Other decidedly strong episodes include “Real Life,” starring Anna Paquin as a cop from the future who lives two lives (her other self is played by Terrence Howard); Steve Buscemi in “Crazy Diamond” as a man whose dreams get the best of him; “Autofac” starring Janelle Monae in a story that questions what makes us human; and “Safe and Sound” starring Annalise Basso which hits eerily close to home with its commentary on “othering,” terrorism, and the power social media has on young people.
Truth be told, all ten episodes of Electric Dreams are fantastic and are sure to impress both Philip K. Dick fans and non-fans alike. However, the one critique of the series that I have is in regards to world building. Take the lovely and haunting episode “Impossible Planet,” which has a truly moving story but fails to provide viewers with a strong sense of its universe. While Geraldine Chaplin is amazing in her portrayal of a woman wanting to visit Earth before she dies, I wish I understood the world she lives in and why she has such a fascination with “old” Earth. I wanted more dammit!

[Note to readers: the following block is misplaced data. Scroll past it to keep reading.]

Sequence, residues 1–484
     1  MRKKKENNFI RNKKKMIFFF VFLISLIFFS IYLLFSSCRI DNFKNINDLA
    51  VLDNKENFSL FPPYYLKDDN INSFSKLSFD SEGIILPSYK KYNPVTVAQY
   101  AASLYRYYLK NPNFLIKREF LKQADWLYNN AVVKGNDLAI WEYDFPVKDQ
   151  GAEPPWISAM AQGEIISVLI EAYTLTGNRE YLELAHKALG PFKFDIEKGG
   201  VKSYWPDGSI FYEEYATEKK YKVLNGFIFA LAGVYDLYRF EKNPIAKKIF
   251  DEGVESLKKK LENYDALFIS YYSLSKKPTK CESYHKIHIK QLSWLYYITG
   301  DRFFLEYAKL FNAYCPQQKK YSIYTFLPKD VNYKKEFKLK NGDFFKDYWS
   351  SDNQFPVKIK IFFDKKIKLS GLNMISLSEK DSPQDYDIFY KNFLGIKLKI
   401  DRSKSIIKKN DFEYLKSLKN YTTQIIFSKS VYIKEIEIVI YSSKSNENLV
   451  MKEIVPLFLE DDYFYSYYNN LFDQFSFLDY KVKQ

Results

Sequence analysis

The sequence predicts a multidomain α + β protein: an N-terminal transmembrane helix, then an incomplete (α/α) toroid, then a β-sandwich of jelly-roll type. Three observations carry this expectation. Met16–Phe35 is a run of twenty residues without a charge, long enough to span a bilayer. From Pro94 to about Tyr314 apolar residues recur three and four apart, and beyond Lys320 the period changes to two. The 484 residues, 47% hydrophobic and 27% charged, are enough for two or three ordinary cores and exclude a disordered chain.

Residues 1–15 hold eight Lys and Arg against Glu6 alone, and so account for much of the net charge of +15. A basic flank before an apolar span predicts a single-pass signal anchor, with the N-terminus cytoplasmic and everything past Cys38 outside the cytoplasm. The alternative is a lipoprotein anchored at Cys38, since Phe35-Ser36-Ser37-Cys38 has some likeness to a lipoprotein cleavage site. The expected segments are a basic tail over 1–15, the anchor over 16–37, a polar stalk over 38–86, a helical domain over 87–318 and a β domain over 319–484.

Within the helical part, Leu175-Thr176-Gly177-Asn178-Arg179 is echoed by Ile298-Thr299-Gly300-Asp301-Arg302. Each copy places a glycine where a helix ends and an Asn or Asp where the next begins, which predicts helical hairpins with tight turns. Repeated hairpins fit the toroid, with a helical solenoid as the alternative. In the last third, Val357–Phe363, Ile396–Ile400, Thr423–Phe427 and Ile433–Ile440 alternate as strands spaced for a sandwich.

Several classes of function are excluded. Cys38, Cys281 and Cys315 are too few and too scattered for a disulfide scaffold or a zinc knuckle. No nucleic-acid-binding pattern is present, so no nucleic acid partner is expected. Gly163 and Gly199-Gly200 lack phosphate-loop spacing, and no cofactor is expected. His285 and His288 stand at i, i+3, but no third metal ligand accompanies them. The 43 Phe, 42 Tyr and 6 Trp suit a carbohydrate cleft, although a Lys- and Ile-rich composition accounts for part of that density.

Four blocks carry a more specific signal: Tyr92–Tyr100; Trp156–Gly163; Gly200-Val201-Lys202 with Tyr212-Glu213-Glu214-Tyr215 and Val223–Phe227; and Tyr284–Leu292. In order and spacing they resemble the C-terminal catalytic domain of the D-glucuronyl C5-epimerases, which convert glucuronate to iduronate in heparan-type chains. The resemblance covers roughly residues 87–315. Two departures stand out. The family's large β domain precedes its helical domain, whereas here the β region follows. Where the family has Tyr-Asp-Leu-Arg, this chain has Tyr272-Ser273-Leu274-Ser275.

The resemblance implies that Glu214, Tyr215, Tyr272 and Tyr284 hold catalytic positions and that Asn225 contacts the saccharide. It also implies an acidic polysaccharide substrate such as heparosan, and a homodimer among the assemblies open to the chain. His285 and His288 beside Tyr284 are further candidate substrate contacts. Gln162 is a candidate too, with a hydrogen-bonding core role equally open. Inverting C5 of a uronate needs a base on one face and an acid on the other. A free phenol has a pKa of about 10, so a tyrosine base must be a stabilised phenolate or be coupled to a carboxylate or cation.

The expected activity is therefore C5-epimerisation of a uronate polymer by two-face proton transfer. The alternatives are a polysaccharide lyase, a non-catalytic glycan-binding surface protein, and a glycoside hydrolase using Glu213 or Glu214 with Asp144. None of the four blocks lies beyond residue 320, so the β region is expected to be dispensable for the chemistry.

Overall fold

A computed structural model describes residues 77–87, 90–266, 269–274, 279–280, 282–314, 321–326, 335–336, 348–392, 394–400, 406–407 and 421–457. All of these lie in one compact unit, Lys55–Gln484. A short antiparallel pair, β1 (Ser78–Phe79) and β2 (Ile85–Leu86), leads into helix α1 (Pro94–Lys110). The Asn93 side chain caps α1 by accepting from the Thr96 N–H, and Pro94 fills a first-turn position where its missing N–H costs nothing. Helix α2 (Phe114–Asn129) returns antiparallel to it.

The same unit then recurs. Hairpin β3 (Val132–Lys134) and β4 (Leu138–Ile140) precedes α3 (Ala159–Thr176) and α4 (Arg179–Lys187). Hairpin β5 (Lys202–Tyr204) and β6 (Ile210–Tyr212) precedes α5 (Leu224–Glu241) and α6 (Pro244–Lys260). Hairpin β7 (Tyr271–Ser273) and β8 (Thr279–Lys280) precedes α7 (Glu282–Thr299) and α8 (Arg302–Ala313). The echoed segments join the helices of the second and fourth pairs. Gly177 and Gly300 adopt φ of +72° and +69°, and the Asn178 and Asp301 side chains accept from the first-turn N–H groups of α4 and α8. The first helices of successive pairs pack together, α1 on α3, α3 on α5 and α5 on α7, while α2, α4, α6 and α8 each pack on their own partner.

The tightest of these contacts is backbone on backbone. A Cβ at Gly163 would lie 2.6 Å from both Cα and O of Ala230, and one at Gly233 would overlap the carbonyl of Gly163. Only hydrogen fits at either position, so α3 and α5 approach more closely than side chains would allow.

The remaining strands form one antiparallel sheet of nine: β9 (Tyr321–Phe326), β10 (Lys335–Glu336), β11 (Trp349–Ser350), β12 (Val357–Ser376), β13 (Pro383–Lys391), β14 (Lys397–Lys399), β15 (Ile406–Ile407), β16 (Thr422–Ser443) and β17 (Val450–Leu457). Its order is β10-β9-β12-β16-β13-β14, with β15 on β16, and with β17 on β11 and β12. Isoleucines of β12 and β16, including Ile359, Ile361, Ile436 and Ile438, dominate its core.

With that being said, Electric Dreams is a real treat to watch and I don’t see any reason why it wouldn’t be renewed for a second season; the series showcases interesting narratives, has a diverse and talented cast (though it could have more PoC leads) of actors and writers; boasts gorgeous set designs; and has the budget for some pretty sweet special effects. And best of all, you won’t experience a stress-induced heart attack while binging episodes (Sorry, Black Mirror, but you do the most sometimes).
Electric Dreams will be available to stream on Amazon, January 12, 2018. Enjoy the trailer below. Read more about the cast here.
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Jahkotta Lewis is a professional archaeologist specializing in Pacific Island archaeology. When she’s not documenting historic and pre-Contact cultural sites, she spends her days hiking through native forests, and hanging at the beach with her three beautiful sons and husband. She also enjoys writing short afro-futuristic stories, engaging the Twitter community, and watching/reading all things fantasy and science fiction. See what she’s up to on Twitter @jahkotta